Sovereign Citizens: Radicals Exercising 'God-Given Rights' or Fueling Domestic Terrorism?

PHOTO: Sovereign citizens are a loosely organized collection of groups and individuals who believe they are both above the law and "true defenders of the constitution."
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Sovereign citizens are a loosely-organized collection of groups and individuals who believe they are both above the law and "true defenders of the Constitution."

They follow their own set of rules and many refuse to pay taxes. The movement's followers believe, in large part, that the existing government in the United States is illegitimate and needs to be "restored." Many sovereigns refer to themselves as "patriots" or "constitutionalists." Driver's licenses, license plates, and insurance are not required, many sovereign believe, going as far as making their own identification badges and gun permits. Some members are known to turn violent against law enforcement and are notoriously hostile towards the media.

Federal government officials describe sovereign citizens as an "extremist anti-government group" and the FBI is concerned about members of the group becoming more violent, accusing them of "comprising a domestic terrorist movement."

According to a new study released Wednesday by the Southern Poverty Law Center, the number of so-called hate or anti-government groups grew last year in the United States, fueled by a deeply felt socio-economic clash between the wealthy and the rest of the country, hostility from the right toward President Obama as he prepares to run for re-election, and the ease of the Internet to spread information.

The center, which has tracked such groups for 30 years, identified 1,018 hate groups in 2011, up slightly from 1,002 identified a year before, but the SPLC said this shows a continuing trend of "significant growth" that began over a decade ago.

Sovereign citizens are growing fast. The movement is estimated to be 300,000 people strong today, and has had some notorious members -- Terry Nichols, the co-plotter of the Oklahoma City Bombing, and Joe Stack, who flew his small plane into an IRS building in Austin, Texas, in 2010, were both sovereign citizens.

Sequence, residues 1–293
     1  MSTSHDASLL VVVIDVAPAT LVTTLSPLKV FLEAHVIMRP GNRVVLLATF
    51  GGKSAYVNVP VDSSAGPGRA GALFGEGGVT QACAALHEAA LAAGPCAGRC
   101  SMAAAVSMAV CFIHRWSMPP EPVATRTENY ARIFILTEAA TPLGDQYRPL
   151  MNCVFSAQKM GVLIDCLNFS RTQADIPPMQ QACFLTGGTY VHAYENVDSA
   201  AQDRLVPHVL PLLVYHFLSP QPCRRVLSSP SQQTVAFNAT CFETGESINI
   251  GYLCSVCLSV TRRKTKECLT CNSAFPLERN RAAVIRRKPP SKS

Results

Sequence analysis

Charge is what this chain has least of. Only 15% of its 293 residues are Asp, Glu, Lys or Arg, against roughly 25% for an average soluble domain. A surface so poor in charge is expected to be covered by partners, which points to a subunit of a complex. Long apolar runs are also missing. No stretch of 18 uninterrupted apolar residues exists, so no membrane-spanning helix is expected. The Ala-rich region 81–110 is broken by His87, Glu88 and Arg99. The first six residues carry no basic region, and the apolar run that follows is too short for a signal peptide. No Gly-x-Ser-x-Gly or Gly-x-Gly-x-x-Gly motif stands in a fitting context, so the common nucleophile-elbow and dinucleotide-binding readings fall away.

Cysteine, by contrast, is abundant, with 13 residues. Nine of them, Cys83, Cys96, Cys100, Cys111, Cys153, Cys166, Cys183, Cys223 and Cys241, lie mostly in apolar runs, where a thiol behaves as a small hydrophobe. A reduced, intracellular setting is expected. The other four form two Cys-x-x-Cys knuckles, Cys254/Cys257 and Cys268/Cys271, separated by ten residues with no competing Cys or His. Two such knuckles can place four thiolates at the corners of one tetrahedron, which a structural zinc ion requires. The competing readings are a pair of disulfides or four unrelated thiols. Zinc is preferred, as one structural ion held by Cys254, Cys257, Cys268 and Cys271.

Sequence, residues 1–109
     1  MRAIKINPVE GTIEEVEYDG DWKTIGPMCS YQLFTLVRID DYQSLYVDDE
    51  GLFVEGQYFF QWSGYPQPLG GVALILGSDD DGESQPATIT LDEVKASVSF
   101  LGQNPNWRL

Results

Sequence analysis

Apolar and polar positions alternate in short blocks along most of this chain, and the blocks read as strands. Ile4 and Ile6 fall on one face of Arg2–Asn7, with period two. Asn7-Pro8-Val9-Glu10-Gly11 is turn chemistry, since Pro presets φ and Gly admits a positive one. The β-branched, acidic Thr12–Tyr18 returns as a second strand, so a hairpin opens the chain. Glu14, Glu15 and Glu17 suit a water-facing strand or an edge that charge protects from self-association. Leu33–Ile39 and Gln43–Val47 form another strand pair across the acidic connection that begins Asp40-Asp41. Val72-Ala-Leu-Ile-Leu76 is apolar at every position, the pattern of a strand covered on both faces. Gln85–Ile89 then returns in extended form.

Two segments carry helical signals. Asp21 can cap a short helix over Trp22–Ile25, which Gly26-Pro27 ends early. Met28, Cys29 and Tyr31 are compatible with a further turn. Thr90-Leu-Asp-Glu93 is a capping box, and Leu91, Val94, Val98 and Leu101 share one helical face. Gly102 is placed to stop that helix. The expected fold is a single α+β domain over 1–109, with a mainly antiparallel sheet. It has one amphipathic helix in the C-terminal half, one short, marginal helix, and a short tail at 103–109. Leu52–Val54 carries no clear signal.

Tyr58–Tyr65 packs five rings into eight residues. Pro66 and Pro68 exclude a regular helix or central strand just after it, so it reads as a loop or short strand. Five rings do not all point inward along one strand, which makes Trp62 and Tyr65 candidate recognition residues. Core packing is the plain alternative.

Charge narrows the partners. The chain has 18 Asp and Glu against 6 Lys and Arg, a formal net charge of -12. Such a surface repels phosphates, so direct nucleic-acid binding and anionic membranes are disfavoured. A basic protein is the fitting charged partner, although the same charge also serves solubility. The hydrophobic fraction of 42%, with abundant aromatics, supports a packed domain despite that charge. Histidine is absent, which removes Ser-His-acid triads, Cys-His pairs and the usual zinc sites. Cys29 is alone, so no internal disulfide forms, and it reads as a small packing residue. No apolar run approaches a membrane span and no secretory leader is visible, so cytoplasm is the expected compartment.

"Nightline" was recently able to get inside the sovereign citizens movement, starting in a small church in Center Point, Ala., where Donald Joe Barber and his congregation of sovereigns, many of whom are middle-class and educated, were gathered to pray.

"I don't live in the United States. I live in the nation of Alabama," Barber said.

The radicalization of Donald Barber began in the 1980s, when he sold his photocopier business and got a tax bill from the IRS -- what he called an "IRS Hoax." He then dove deep into sovereign citizen ideology, which cobbles together passages from obscure law books, along with parts of the Constitution and the Bible, to justify flouting everything from tax laws to laws requiring license plates.

Using a common sovereign argument, Barber, 62, insists he doesn't need tags on his car if he is "traveling" rather than "driving," because "driving" implies that he's engaged in commerce, as opposed to "traveling," which is a God-given right.

Barber has been hauled into court repeatedly over the years and is well known to local judges. When Judge David Lichtenstein found Barber guilty of having disabled vehicles in his yard, he said Barber sent him a letter demanding $6 million in gold.

"He doesn't believe United States currency is legal tender so it's got to be gold, silver," Lichtenstein said.

The sending of letters, called "paper terrorism," is a common sovereign citizen tactic and can be quite threatening -- damaging the personal lives and financial credit of public officials who receive the documents. The FBI says that many Sovereign Citizens are engaged in tax, debt and foreclosure avoidance schemes. There have also been cases in recent years where Sovereign citizens have engaged in fraudulent lien and judgment schemes.

Another local Birmingham, Ala., judge, Raymond Chambliss, found Barber guilty of an environmental infraction, and when he went to take out a second mortgage on his home, he found that Barber had placed a $15 million lien against him.